The difference between two digamma function can be written using the following recurrence relation:

$\psi(n+z) - \psi(z) = \sum_{i=0}^{n} \frac{1}{i + z}$

My question is, is there a closed form solution to this recurrence function? and how can i get?

I appologize my question was not clear. I want a 'function' to compute the right hand side efficiently $\sum_{i=0}^{n-1} \frac{1}{i + z}$, without the need to do linear increment if possible and also without using the digamma function. I do not want to use the digamma function because it is expensive. I used this recurrence relation for the difference of the two digamma function in the first place to avoid evaluating $\psi(x)$.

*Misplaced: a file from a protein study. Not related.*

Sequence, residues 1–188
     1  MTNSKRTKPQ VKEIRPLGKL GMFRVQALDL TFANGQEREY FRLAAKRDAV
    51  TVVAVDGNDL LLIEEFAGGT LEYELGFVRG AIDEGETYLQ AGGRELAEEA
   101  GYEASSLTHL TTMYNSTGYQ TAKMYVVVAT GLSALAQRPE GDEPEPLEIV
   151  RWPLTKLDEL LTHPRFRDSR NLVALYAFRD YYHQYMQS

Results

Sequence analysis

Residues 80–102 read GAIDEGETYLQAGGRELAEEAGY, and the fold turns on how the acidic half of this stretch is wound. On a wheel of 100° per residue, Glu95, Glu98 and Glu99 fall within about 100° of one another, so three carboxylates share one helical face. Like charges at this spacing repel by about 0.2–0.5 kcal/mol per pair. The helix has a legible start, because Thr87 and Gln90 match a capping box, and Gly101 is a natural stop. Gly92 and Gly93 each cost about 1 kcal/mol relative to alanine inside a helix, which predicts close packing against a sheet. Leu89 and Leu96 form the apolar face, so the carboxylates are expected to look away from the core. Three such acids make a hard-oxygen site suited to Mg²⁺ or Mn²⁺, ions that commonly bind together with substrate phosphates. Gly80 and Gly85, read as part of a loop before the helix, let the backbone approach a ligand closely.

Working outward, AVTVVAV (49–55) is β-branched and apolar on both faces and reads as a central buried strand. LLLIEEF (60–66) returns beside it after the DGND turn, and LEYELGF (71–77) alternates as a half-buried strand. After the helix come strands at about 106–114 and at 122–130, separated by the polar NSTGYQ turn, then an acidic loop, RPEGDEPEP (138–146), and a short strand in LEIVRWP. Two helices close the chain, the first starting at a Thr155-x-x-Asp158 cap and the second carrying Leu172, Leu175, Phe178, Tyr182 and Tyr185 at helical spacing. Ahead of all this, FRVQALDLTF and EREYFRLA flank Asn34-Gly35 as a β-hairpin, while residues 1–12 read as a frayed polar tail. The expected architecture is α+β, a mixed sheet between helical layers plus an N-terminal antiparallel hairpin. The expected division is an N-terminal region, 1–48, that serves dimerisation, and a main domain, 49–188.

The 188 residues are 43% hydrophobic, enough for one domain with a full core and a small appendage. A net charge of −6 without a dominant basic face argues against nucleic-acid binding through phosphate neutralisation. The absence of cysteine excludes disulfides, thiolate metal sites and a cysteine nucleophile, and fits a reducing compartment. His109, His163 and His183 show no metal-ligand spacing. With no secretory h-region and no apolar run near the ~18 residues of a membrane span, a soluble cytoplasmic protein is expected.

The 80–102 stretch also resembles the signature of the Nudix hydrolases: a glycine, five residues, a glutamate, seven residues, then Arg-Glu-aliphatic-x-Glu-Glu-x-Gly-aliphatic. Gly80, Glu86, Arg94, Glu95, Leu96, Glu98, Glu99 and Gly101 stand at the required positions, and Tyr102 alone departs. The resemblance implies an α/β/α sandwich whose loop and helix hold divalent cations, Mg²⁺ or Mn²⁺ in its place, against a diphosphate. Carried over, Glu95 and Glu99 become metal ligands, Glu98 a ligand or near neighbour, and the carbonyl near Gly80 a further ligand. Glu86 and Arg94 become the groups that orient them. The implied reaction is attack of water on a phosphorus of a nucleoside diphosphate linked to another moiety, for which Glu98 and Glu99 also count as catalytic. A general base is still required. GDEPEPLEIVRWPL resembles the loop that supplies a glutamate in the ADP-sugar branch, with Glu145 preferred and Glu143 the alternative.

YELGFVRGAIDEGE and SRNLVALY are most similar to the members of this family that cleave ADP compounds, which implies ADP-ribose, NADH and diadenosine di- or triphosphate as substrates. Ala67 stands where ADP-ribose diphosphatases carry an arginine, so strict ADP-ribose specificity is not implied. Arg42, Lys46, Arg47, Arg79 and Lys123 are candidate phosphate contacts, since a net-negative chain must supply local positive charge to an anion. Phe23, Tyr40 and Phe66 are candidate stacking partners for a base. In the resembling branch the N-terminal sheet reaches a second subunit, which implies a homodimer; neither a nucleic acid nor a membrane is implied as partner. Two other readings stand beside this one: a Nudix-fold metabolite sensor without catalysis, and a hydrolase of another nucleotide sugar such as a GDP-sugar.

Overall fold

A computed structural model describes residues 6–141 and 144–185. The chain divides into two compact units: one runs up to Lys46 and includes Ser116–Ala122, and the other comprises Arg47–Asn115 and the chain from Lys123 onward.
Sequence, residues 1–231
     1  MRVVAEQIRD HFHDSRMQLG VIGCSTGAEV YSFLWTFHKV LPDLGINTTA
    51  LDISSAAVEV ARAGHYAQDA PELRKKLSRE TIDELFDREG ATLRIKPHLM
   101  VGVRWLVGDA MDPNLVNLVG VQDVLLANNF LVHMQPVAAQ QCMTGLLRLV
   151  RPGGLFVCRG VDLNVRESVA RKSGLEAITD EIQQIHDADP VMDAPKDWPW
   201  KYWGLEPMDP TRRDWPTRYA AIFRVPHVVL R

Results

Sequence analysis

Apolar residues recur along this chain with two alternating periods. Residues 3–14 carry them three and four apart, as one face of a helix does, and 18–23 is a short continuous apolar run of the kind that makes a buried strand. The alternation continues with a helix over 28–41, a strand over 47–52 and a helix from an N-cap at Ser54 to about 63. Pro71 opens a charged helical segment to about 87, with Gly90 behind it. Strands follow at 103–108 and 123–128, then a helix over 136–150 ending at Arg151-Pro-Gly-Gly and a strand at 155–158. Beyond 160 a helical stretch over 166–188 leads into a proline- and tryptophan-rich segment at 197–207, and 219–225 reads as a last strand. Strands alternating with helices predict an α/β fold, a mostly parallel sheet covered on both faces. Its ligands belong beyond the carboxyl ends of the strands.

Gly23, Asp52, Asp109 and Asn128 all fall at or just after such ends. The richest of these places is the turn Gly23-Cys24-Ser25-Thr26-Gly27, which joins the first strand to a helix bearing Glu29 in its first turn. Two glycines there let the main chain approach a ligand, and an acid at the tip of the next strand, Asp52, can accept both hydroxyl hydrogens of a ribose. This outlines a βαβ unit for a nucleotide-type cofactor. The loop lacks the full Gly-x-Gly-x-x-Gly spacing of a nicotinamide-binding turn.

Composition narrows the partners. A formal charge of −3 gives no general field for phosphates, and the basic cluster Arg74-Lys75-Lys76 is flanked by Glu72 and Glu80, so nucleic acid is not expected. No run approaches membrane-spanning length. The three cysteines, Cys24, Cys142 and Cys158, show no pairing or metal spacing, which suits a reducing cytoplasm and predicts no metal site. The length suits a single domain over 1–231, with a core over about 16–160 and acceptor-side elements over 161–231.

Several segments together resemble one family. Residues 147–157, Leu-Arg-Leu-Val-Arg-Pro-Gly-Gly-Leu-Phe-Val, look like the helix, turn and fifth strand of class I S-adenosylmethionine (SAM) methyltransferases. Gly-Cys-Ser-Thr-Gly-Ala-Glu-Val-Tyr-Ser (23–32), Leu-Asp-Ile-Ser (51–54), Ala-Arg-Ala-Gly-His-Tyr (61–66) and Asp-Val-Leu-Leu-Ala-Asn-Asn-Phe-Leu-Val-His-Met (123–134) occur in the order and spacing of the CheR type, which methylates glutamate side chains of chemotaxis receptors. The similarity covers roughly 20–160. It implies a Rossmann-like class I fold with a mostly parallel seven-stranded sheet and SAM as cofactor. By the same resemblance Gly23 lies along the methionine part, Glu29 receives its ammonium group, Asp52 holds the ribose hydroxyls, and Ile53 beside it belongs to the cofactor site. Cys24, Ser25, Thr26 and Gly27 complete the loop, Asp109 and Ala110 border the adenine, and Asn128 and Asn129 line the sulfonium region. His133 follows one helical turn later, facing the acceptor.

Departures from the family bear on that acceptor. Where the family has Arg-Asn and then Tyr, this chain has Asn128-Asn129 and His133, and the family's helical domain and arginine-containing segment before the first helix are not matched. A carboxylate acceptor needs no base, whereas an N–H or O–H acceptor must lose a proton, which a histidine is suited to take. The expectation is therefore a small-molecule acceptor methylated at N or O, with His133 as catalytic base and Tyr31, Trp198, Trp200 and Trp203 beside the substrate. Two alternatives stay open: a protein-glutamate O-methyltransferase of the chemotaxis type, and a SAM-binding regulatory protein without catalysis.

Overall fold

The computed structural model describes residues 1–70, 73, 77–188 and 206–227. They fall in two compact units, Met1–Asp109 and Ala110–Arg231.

• $\begingroup$ Thank you. I'm going to delete my answer. $\endgroup$ – Olivier Oloa Aug 31 '16 at 14:43
  • $\begingroup$ I don't see how it's computationally expensive to do this unless you want to do it an enormous amount of times and over a large range of $z$ and $n$. In that case why not just compute and spline $\psi(z)$ over a large range in $z$ (possibly in conjuncting with using analytical expressions for asymptotical behavior) and then use this spline to compute $\psi(n+z) - \psi(z)$ whenever needed. $\endgroup$ – Winther Aug 31 '16 at 15:04

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